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Simon Sinek’s book Start with Why, has great points about beginning with WHY. I’ve been involved in several large scale technology initiatives and the why of what we’re doing has always been front and center. Having a shared vision is essential to any new educational initiative or innovation.  For your initiative to be successful, however, you must also focus on WHAT you want to achieve and HOW you want to get to desired results. Follow the steps below to put your initiative on the path to success.

Define the problem:
The WHY has to solve a problem in your organization. It isn’t enough to decide that you want to implement a 1:1 computing initiative without knowing what problem it will solve. All stakeholders should be involved in the decision making to take a big problem and make decisions about moving forward. Don’t underestimate the power of a few individuals to undermine the group efforts. Get the word out to everyone in as many ways as possible and invite them to participate. Everyone in the organization – your WHO – much know the vision and be able to explain why you’re doing what you’re doing. Define the problem with as much detail as possible. Examples of problems you might want to tackle include declining literacy skills or low graduation rates.

Develop your outcomes:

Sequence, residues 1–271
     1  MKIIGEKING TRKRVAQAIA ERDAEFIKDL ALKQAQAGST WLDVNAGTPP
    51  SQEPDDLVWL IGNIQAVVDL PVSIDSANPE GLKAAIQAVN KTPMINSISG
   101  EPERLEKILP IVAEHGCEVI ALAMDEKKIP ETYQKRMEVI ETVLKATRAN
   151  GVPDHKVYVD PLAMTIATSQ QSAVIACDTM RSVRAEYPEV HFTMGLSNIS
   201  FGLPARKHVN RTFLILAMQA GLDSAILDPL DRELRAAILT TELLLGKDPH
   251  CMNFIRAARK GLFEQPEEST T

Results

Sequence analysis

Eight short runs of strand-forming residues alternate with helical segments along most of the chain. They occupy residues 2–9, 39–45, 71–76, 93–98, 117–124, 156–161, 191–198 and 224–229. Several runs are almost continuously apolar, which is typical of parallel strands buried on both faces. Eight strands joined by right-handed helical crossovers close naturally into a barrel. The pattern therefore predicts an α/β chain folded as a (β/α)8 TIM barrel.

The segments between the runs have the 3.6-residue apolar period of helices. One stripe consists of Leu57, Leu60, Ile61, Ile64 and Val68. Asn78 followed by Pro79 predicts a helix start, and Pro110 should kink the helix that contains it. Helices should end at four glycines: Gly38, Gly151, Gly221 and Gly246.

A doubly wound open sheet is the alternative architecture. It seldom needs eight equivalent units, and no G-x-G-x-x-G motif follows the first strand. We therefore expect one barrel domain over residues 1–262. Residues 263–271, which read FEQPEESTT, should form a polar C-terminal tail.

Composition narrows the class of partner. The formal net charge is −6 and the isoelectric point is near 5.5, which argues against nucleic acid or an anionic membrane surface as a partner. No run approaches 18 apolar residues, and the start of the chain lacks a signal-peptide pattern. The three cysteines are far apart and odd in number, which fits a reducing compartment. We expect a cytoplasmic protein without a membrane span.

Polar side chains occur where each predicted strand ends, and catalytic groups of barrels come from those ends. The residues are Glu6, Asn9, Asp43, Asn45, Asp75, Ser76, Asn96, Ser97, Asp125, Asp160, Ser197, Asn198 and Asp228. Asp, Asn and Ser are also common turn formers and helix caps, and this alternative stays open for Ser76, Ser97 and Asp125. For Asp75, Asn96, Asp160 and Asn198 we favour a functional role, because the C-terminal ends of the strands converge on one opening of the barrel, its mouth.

You also need to look at the outcomes that you expect – the WHAT. What will it look like when your innovation goes viral throughout the organization? Paint a picture of the results that you expect. Rapid prototyping with small scale projects allows you to try out several strategies and will ultimately give you something tangible for everyone to see. For a 1:1 computing initiative, the WHAT isn’t a device but an outcome for student learning. If your problem is literacy skills and you believe that 1:1 computing will provide students with a collaborative environment for research, writing and publishing, you might want to pilot your solution with a team of teachers at your school and develop a model that others can follow.

Create a road map and measure your progress:
The devil is in the details and HOW you’re going to get to your desired outcomes. A recent news story talked about a school district that was ending their 1:1 computing initiative and looking for a way to recycle the computers. I’m sure that they talked about WHY but I wonder if their WHAT was about a device instead of an outcome? Was the problem in the implementation – the HOW? If certain steps aren’t taken by everyone, will you end up with silos of innovation?  People must work within teams and across teams for you to see widescale adoption of your initiative. A pilot program will allow you to develop a detailed plan and help you to determine the essential elements for success.

Measuring your progress along the way is a big part of HOW you will get to the finish line and see the desired results. Project management is key and it’s essential that everyone knows their role. Teams will be learning throughout the process and it’s always good to take the temperature with discussions that will help determine the next steps. It’s okay to fail on a small scale but fail quickly and use your experiences to iterate or even pivot if necessary.

As you continue to solve problems for your school or district, start with WHY, define WHAT your outcomes will be, and then decide HOW you’re going to get there. Your innovation will be successful when you get those three things right.

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